THE mystery surrounding ownership of one of Moray’s best-loved structures could soon be unravelled.
Just who bears responsibility for Lossiemouth’s iconic east beach bridge is unknown, with varying theories raised and then subsequently dismissed.
It’s taken over four years, and countless hours of painstaking research, but one local man thinks he’s now got the answer.
Documents uncovered by resident Jim Dartnall suggest responsibility lies with Moray Council, the town’s community council heard.
Mr Dartnall has written to the local authority to outline his case in the hope of ‘quick and meaningful’ progress.
“We await the Moray Council,” he told the gathering.
The walkway – used by tourists and locals alike to cross the River Lossie – was erected in 1908 and replaced a decade later. It forms a pivotal section of the Moray Way, the Coastal Route, is marked as a northern European walking route and is also part of a core path. While the footbridge is still standing nearly 100 years on, there have been repeated calls for it to be replaced on safety and accessibility grounds.
The question mark over its rightful owner came to the fore in 2008, when the town’s community council, along with the local authority, made moves to apply for the Scottish Homecoming funding to help replace the structure.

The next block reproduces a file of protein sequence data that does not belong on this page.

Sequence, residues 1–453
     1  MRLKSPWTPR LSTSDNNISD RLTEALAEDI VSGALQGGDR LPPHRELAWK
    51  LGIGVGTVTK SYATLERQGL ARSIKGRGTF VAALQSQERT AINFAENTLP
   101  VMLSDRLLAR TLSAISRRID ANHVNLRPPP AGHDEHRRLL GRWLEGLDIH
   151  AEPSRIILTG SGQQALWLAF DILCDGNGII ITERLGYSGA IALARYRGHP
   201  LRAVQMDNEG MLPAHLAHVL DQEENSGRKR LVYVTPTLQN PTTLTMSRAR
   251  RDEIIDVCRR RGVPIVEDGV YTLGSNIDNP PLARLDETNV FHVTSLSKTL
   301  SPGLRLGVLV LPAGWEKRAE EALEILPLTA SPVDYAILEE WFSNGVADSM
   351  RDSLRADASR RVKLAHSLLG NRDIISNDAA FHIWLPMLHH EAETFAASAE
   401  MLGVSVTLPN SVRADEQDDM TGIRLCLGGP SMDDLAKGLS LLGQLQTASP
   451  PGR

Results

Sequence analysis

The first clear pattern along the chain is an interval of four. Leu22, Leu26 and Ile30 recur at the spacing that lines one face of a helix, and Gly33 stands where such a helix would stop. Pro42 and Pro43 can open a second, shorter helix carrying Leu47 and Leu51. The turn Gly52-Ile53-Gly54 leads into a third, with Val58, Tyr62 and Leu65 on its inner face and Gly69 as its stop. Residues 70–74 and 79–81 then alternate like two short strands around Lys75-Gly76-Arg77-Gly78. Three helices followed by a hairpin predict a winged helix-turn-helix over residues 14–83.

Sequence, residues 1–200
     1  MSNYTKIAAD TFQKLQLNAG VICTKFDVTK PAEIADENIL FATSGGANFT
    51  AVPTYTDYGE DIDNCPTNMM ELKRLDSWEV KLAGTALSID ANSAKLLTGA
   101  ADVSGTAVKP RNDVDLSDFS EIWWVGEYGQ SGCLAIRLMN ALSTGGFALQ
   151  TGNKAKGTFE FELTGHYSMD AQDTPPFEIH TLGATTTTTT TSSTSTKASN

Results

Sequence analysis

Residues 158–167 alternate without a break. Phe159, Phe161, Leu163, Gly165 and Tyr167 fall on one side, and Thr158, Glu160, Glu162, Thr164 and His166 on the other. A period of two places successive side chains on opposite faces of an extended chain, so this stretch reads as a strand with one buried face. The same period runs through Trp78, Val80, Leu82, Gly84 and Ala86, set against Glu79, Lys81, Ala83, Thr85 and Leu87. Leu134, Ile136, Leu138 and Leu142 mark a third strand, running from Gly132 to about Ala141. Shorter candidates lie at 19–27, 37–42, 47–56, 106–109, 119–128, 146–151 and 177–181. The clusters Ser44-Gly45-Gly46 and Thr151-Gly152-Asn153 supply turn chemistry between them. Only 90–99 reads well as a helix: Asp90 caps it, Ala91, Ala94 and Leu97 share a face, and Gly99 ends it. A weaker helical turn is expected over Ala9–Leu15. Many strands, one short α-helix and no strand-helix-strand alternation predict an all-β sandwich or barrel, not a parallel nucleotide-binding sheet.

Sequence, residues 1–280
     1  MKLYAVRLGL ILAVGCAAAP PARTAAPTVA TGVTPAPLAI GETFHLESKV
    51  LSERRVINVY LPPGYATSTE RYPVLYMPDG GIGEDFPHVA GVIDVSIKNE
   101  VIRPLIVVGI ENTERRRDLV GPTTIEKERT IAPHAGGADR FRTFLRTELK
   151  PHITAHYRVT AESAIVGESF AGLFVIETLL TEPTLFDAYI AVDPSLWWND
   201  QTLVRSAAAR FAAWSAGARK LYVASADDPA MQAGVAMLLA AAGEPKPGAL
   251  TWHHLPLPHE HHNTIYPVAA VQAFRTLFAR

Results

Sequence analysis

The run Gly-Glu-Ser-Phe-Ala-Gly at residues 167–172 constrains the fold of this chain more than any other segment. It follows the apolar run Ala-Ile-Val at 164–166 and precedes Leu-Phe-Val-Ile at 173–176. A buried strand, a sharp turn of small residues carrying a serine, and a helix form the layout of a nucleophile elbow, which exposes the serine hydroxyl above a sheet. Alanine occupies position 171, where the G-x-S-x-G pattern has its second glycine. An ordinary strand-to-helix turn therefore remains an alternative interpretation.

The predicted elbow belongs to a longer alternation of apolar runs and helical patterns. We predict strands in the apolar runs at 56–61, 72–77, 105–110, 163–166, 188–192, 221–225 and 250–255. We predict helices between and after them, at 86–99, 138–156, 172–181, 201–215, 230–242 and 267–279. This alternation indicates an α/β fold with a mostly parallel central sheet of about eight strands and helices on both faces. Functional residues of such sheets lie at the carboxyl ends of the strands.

A community council bridge committee was formed two years later, and Mr Dartnall has since trawled through the town council minutes from 1890 to 1974, Boat Shelter minutes, Edinburgh Gazette entries, newspaper archives as well as piles of other documents.
Integral to his argument is a 1912 letter from the Harbour Commissioners, sometimes known as the Boat Shelter Commissioners, asking for powers to replace the bridge “recently erected by and belonging to the town council”.
It was brought down in 1913 and erected in its present position in 1918, when town council minutes show it was examined by the Burgh surveyor and Lossiemouth Town Council agreed to re-take control. Mr Dartnall said with reorganisation of local government in 1974, town council property was handed to Moray District Council and then to Moray Council.
Why would the council have funded repair works to the tune of £150,000 in 1995 were it not responsible? he added.
That was the last time any major works were undertaken.
Quoting the conclusion to his letter to the authority, he told the meeting: “The only positive course of action is for Moray Council to accept ownership of the Lossiemouth east beach footbridge, then sort out funding sources or means of raising funds via trust funds, and continue to carry out any maintenance and health and safety issues raised.”
A council spokesman said Mr Dartnall’s correspondence had been received and would be considered.